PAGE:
A Shameless Plug..

I hope readers will forgive me if I take time off from my  usual (pretty depressing) preoccupations to brag about one of my nephews. (I do usually restrain myself when it comes to my own kids–that’s a tacky step too far…)

My nephew Josh Prince is a Broadway choreographer. Among his credits: Shrek the Musical, Beautiful, Trevor.  He began as a Broadway song-and-dance man, but choreography was his love. As he embarked on that trajectory, however, he realized that aspiring choreographers faced a major hurdle to honing and realizing their creations; in order to create, a choreographer needs dancers, space, and time—three essential elements that are prohibitively expensive.

So in 2012, he undertook the fairly arduous task of creating a nonprofit and qualifying it under Section 501c3; it opened its doors in 2015.  Dance Lab New York (DLNY) is an organization–actually, the only organization–dedicated to the advancement of choreography by providing those three vital resources  to aspiring choreographers free of charge.

DLNY raises money to provide choreographers with a curated company of professional dancers, expansive studio space, and structured rehearsal time complete with a rehearsal director and staff support, allowing choreographers, as he says, “to incubate new ideas in a professionalized, supportive environment.” Since 2015, DLNY has served over 70 choreographers.

What prompted this post, however, wasn’t the growth and good work being done by DLNY; it was a recent addition to its mentorship program.

The original  mentorship program–DLNY Connect– was created in 2017; the idea was to help rising choreographers by matching them with established experts in the field. Mentors  observe the “mentees” as they create, using  dancers from area universities. They then meet privately with them to offer feedback and guidance. Although there is no pressure to complete a dance, those that are completed can be shown as part of videos, school showcases, or via open studio forums.

DLNY Connect: NextGen is an offshoot of that original program. It supports aspiring high-school choreographers, and it is intended to encourage creative thinking, collaboration, the development of leadership skills and teamwork in young, aspiring choreographers–and not so incidentally, to nurture the next generation of  those Josh calls “dancemakers.”

My sister shared a brief video from this year’s pilot program. I hope you will click through and watch it. It’s far more informative than what I share in this post.

I take three lessons from the video: the obvious one is the benefit to a teenager whose feelings of being different might have led him to an unhappy or less-rewarding adulthood.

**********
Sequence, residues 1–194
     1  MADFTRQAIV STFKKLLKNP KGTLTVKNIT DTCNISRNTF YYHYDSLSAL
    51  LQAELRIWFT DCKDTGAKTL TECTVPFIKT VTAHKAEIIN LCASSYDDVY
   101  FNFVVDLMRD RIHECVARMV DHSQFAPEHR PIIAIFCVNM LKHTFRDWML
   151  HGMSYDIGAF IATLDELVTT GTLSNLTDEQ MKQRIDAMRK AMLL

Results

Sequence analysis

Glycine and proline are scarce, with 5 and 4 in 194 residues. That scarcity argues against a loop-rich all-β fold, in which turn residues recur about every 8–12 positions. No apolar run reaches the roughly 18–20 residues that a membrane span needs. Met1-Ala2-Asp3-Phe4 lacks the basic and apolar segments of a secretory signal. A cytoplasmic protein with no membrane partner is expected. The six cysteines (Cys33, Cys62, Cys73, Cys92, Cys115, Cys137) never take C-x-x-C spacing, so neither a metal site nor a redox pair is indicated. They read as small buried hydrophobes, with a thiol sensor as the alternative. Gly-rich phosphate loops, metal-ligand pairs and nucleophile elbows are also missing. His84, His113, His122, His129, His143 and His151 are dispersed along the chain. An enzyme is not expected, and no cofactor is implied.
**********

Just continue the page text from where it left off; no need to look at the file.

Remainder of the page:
The second is that young people like my nephew (he’s still in his mid-40s, and I consider that young!) aren’t just “bitching and moaning” about perceived problems–they are moving to solve them. During the years when I was teaching, I had a number of students who joined and/or established nonprofits aiming to fill a variety of “gaps” in the social safety net.

Third–and perhaps most important–is that the video reinforced for me the enormous importance of the arts, in this case, dance. I am hardly the only person who believes that the arts are central to being human; Saul Bellow said it well in his Nobel lecture in 1976.

Only art penetrates what pride, passion, intelligence and habit erect on all sides – the seeming realities of this world. There is another reality, the genuine one, which we lose sight of. This other reality is always sending us hints, which without art, we can’t receive. Proust calls these hints our “true impressions.” The true impressions, our persistent intuitions, will, without art, be hidden from us and we will be left with nothing but a ‘terminology for practical ends’ which we falsely call life.

 John Dewey, the noted American philosopher, psychologist, and educational reformer, agreed:

Art is not the possession of the few who are recognized writers, painters, musicians; it is the authentic expression of any and all individuality. Those who have the gift of creative expression in unusually large measure disclose the meaning of the individuality of others to those others. In participating in the work of art, they become artists in their activity. They learn to know and honor individuality in whatever form it appears. The fountains of creative activity are discovered and released. The free individuality which is the source of art is also the final source of creative development in time.

If you want to feel better about mankind and the younger generation, or just want a “feel-good” few minutes, click through and watch the video. I did, and  I’m going to send a few bucks to DLNY–and kvell a bit over my nephew. I hope some of you will join me!


  1. Thanks for your nice share. YAY for your nephew. And PLEASE let us know some wonderful stories about YOUR Kids 🙂

  2. The citation from Dewey puts into words what I feel when we visit the Abbey Aldrich Rockefeller Folk Art Museum in Williamsburg, VA. There you can see the creative ability of people who do not bear the title of artist. Rather, the “art” is not what we typically refer to as the product of artists, but the expression of individual creativity, whether it be in the form of weather vanes, children’s toys, signage, pottery, etc.